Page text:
This meant the categories wouldn’t be fixed - we needed to come up with a dynamic, responsive solution. Our solution was to build a set of queries into the website which builds a menu of categories based on current live products on the site. So when THSH have some special Christmas products, there will be a Christmas category, and then once these are removed from the website the Christmas category will be removed automatically.
What does it look like?
If you’re keen to find out what the end result looks like and how it works, you can have a look for yourself over on the THSH website. In the meantime, we thought we would pick out a few highlights of the functionality which help fulfil the original goals of the project.
The shop is embedded within the main website, so there’s no need to redirect customers elsewhere. Instead, THSH can retain customers within their site, offer upsells and encourage them to purchase tickets as well during the same journey.
Each merchandise item can sit in multiple categories if need be, giving THSH the flexibility to cross-post items and make them as visible as possible. For example, you can see in the screenshot below that within the Gift category there’s an item - the Bowie Cushion - which is also part of the Homeware category.
As well as a dedicated Shop page on the THSH website, merchandise items can be visible anywhere on the website. They can be included as tailored upsell items for upcoming events, or even added to blog posts to capitalise on new stories. As per Kate’s comments earlier, the call to action for each item can be tailored, so for example items in the shop can encourage further browsing by pointing customers to the ‘more info’ section, while items included on other pages can encourage customers to buy now.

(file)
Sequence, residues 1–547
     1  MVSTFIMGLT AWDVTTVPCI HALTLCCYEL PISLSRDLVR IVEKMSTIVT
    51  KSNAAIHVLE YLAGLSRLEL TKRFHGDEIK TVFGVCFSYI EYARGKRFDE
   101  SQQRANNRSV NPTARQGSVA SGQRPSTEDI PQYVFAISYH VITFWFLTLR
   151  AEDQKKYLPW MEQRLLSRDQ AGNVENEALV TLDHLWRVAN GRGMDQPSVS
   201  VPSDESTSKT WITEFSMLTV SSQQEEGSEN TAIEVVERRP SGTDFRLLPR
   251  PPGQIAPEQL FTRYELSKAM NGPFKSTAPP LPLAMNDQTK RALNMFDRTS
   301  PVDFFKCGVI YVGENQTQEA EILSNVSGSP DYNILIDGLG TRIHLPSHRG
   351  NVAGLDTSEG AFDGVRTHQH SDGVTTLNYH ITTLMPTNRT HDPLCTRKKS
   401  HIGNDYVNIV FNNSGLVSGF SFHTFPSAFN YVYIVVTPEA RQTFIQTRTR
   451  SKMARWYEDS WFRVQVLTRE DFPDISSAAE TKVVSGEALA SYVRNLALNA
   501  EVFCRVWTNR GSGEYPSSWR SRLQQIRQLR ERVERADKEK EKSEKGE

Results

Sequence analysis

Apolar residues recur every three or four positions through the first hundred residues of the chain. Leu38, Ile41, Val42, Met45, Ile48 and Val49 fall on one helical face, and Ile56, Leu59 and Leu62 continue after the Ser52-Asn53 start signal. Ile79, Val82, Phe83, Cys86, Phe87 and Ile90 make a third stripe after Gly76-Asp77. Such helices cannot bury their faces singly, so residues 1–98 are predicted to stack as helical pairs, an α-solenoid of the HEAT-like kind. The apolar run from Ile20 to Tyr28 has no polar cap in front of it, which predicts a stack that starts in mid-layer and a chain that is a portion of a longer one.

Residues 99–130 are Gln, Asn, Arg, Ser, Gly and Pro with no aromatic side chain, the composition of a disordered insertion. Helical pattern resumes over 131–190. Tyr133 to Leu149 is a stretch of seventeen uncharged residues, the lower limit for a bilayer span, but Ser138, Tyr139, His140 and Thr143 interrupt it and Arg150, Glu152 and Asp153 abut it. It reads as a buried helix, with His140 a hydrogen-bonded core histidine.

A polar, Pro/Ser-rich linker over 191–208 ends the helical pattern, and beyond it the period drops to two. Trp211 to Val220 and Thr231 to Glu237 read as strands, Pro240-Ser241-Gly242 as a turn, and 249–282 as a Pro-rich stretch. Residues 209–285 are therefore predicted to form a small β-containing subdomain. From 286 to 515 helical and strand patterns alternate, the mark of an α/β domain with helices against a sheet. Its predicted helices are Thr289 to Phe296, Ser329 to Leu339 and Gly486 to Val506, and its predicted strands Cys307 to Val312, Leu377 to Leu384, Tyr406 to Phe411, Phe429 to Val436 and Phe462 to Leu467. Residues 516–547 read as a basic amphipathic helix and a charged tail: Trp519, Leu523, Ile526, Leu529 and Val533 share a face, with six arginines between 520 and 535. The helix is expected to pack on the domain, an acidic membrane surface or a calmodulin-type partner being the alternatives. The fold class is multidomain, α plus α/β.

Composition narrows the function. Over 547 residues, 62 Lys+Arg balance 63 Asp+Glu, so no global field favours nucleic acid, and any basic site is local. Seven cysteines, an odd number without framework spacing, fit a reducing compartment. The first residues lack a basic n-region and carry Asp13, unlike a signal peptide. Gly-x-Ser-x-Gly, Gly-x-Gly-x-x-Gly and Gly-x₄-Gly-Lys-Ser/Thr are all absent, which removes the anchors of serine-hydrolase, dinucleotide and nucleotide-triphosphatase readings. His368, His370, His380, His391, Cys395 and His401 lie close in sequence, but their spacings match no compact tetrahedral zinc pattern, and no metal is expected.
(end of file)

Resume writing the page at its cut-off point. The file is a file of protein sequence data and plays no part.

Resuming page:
The great thing about a collaborative project like this is that it doesn’t have to end once the first iteration is live. Here’s Kate again to talk a little about what’s next on the radar for the Merchandise Web Component on the THSH website:
“Having clear goals for this project gave us a shared vision that we could all work towards. This level of collaboration meant we could deliver the first iteration of this project quickly and efficiently. Now the merchandise items are on the website, we can start looking at how the team at THSH make use of the new tools and up-sells on their website, and how customers engage with them, all of which will inform future development.”
This is just one example of the sorts of collaborative work we love to take on with our clients and partners. Collaboration takes a great many forms, from working directly with individual client organisations to joining in with projects that involve a whole range of organisations spread across disparate geographical locations. Here are a few examples of collaborative work we’ve been involved with before:
We’re always looking for other opportunities to get involved with, and we would love to hear from you if you’ve got an idea for something to collaborate on. If you’re a web agency, come along to one of our events and have a chat about your ideas, or get in touch with our Partnerships Manager Anna Wiseman.
We would love to hear from you if you’re a Spektrix client, or are thinking about making the move to Spektrix, and would like to investigate setting up a similar online shop. Please don’t hesitate to get in touch with us to discuss this further!